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Do You Believe This Bankruptcy Myth That Many People Fall Prey To?

There are so many inaccurate bankruptcy myths in the world that if we wanted to dispel them all, we would spend 100% of our time doing so. However, there are some that are more common than others. Today we are going to cover a few of the myths about Chapter 7 bankruptcy. Keep reading to learn the myths and the real facts, then contact The Law Offices of Paul Y. Lee at 888-748-0025 if you would like to request a free legal consultation.

Fact or Myth: Your Possessions Are Sold in Chapter 7 Bankruptcy

This one is easy – it is a myth. In fact, it is one of the most often believed Chapter 7 bankruptcy myths. You might hear people say that it is a liquidation bankruptcy in which your belongings are sold, and creditors are paid for the proceeds of those sales. The fact of the matter is that not even 3% of all Chapter 7 bankruptcy filings lead to the sale of any assets.

It is true that the law allows for the sale of non-exempt assets, but in almost all cases, the trustee does not sell anything. To put it simply: 97% of people who file Chapter 7 bankruptcy do not have a single possession sold.

There Are Several Reasons that Assets Are Not Usually Sold in a Chapter 7 Bankruptcy

You are likely wondering: why aren’t assets sold? The answer is part law and part economics. For one thing, your assets are often protected by exemptions, and it is almost always true that non-exempt assets do not have a meaningful sale value. As a result, it is not usually in the best interest of anyone for your non-exempt belongings to be sold.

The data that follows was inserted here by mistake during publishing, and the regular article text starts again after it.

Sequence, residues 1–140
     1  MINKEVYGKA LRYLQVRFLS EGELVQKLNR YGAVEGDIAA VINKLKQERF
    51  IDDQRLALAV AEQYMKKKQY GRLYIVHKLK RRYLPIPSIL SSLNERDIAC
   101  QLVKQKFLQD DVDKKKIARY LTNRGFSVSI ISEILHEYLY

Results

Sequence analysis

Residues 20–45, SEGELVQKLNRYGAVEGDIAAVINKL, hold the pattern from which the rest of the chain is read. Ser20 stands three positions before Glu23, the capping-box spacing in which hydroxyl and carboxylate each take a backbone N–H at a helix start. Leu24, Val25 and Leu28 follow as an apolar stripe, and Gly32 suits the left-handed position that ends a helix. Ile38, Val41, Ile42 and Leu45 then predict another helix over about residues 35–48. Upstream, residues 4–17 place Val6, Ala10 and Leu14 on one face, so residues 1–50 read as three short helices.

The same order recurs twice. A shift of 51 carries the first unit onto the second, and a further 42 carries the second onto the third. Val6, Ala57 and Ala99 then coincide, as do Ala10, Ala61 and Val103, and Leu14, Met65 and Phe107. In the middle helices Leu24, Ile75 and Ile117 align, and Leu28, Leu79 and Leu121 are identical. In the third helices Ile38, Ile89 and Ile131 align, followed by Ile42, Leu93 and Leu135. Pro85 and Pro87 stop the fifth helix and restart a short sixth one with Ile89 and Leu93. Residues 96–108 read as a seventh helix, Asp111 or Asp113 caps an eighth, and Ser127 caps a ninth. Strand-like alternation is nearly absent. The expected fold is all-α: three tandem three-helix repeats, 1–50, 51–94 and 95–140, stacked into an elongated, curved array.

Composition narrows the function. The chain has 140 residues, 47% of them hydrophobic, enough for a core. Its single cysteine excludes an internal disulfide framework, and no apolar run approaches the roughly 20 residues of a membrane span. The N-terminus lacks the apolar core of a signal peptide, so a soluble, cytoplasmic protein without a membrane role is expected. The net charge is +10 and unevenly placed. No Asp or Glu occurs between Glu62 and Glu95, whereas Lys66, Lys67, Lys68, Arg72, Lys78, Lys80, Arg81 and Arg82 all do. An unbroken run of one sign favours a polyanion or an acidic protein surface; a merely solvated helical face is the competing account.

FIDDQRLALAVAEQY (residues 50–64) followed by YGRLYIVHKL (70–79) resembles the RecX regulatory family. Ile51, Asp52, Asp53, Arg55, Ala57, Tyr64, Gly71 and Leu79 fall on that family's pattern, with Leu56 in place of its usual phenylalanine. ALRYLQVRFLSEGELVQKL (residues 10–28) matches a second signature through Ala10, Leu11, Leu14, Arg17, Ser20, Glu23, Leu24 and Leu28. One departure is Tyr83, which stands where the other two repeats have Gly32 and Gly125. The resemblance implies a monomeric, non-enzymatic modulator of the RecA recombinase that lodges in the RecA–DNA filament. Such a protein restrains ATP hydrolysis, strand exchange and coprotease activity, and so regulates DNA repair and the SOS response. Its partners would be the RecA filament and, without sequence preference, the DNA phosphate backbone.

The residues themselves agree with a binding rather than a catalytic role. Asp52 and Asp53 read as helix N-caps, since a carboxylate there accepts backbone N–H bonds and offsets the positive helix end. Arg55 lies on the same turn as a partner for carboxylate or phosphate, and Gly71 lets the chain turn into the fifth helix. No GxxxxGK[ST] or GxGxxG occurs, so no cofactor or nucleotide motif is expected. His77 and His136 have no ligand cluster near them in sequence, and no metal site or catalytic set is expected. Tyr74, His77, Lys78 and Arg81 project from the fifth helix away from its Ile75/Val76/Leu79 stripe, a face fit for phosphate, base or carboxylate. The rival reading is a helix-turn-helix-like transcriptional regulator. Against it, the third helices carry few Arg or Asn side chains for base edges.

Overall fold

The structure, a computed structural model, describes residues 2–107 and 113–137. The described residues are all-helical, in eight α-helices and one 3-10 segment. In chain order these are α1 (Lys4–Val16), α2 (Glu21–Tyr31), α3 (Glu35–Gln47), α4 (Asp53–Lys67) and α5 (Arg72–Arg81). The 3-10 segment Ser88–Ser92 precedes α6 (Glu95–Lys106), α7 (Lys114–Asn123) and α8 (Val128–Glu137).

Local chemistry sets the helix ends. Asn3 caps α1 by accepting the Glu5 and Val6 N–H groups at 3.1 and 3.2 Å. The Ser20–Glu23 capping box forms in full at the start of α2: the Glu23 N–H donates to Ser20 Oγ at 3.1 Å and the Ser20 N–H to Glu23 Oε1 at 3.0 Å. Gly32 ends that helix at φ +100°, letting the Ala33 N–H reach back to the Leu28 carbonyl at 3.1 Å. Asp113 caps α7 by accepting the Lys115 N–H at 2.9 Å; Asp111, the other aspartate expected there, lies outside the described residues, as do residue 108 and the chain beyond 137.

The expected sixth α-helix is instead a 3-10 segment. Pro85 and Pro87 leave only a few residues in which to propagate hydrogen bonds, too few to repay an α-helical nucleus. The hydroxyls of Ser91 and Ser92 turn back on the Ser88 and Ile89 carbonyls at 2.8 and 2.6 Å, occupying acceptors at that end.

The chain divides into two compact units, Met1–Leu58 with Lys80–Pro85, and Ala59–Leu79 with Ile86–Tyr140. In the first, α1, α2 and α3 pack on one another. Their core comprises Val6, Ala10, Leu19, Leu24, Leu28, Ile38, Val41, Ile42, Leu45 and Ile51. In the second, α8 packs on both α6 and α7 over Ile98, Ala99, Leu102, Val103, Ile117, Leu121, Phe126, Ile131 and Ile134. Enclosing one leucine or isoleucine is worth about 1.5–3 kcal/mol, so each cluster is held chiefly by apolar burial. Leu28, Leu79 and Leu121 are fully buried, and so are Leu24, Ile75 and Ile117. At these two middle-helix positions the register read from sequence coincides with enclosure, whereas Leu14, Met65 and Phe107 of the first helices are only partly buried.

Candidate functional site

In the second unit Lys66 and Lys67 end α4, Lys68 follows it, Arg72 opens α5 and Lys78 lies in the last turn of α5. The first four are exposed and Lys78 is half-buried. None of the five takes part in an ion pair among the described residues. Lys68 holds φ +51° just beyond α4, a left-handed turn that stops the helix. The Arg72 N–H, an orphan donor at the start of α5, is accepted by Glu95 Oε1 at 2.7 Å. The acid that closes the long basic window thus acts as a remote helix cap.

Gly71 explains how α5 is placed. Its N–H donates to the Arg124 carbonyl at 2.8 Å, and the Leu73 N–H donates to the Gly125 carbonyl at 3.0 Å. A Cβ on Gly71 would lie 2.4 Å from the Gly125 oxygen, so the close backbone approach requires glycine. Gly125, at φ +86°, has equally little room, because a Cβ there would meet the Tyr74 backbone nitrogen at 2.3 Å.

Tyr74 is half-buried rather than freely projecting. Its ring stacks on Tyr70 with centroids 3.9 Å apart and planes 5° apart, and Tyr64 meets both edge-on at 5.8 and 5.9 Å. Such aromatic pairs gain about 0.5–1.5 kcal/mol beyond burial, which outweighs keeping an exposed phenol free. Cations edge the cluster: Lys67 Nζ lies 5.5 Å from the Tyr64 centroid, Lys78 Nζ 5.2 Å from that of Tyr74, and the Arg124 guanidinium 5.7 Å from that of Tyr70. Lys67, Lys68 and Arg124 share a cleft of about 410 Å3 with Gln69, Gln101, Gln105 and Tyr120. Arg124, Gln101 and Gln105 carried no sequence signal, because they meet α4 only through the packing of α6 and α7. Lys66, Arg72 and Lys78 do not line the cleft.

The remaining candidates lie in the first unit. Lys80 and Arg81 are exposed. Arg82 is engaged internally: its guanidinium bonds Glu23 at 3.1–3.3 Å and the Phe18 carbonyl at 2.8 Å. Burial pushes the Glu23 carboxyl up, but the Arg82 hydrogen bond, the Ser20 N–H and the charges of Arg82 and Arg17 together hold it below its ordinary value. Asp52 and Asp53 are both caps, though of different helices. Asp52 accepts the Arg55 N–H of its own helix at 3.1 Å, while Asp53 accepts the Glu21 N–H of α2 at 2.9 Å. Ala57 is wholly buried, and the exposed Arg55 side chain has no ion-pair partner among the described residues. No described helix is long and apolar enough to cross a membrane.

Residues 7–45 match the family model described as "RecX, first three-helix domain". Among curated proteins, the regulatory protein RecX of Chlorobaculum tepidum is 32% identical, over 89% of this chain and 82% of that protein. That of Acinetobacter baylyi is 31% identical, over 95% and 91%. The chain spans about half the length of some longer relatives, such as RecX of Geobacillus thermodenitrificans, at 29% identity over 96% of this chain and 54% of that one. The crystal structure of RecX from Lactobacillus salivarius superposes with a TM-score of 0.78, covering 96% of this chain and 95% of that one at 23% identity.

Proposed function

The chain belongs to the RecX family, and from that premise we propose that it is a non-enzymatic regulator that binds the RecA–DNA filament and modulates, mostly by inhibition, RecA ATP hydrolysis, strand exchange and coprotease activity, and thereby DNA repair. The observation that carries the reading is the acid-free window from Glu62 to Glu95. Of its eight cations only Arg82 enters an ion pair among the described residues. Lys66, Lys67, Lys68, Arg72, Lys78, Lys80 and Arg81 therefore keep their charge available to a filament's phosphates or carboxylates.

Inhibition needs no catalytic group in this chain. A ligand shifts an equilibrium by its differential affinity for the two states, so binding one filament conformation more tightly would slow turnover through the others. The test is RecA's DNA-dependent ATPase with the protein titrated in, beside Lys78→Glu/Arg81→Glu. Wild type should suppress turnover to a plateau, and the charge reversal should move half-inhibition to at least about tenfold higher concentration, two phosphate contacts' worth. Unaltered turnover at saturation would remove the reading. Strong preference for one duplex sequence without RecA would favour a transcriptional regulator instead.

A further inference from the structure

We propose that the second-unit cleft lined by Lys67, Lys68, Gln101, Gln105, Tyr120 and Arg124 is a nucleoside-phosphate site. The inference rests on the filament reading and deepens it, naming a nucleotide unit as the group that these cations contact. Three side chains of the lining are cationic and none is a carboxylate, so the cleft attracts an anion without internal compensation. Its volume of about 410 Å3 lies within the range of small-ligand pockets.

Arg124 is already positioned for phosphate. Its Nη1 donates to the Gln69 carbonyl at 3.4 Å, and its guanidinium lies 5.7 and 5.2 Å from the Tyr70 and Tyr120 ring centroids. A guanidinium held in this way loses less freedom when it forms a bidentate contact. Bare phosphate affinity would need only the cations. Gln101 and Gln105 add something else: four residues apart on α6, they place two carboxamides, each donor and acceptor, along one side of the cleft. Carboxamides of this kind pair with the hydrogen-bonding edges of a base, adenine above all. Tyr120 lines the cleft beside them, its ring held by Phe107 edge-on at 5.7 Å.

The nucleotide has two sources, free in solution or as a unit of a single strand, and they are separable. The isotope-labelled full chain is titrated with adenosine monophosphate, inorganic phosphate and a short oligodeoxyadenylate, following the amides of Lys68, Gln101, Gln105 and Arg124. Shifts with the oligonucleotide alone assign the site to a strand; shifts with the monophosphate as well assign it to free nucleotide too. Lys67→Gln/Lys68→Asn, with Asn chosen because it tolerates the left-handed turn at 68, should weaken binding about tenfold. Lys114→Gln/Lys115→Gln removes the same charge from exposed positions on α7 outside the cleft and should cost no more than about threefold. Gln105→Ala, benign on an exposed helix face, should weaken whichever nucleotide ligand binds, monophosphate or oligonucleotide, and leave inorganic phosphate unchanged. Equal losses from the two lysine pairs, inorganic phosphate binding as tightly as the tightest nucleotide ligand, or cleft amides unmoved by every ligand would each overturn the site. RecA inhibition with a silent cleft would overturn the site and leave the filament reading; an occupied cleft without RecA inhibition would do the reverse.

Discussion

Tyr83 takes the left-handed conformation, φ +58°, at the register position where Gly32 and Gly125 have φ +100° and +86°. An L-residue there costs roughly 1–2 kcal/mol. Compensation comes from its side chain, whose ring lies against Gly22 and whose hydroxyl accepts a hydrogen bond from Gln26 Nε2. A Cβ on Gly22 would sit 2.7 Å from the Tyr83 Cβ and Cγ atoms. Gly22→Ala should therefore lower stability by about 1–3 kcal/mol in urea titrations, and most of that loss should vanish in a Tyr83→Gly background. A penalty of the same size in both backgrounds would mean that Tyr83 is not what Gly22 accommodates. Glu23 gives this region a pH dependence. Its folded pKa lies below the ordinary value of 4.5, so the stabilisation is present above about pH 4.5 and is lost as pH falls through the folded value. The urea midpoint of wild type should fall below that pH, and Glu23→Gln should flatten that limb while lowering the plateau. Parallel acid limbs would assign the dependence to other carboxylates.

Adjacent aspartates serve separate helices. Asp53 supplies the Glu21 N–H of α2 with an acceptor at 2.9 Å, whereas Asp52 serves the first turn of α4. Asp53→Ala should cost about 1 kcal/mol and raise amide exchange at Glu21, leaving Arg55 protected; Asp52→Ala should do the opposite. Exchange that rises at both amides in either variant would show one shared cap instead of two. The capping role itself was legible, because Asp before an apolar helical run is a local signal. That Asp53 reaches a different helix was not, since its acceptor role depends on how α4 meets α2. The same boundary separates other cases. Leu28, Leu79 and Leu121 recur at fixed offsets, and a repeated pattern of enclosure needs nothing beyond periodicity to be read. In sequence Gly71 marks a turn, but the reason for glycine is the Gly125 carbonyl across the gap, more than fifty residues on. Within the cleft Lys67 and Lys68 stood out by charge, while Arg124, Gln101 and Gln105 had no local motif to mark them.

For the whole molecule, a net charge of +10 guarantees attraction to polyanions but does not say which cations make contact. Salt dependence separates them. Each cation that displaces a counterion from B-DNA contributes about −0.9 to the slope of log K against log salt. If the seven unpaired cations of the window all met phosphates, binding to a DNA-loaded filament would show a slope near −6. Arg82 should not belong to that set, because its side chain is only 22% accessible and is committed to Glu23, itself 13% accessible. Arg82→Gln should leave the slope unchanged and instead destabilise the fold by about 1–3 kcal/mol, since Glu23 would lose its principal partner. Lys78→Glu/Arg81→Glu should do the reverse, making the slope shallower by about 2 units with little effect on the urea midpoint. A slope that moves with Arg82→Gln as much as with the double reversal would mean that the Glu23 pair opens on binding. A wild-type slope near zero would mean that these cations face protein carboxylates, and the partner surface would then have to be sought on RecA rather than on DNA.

Of course, you do not get to make this decision – the trustee does. It is up to them to decide if there is value in your assets that are non-exempt. If they determine that there is, then they could technically sell it and pay unsecured creditors. Note that secured creditors are not paid because they have liens by definition and are able to enforce their own lien.

When the trustee is making this decision, they are deciding if they can sell the asset, pay themselves, pay for the cost of selling the item, and still have enough money left to pay the creditor for the sale to make sense. If they don’t believe they can, then they will abandon the asset, and the debtor gets it.

If you have questions about bankruptcy and want to take to someone who can help, reach out to The Law Offices of Paul Y. Lee at 888-748-0025 for a free bankruptcy consultation. We can answer your questions, assess your situation, and help you determine the best way to move forward.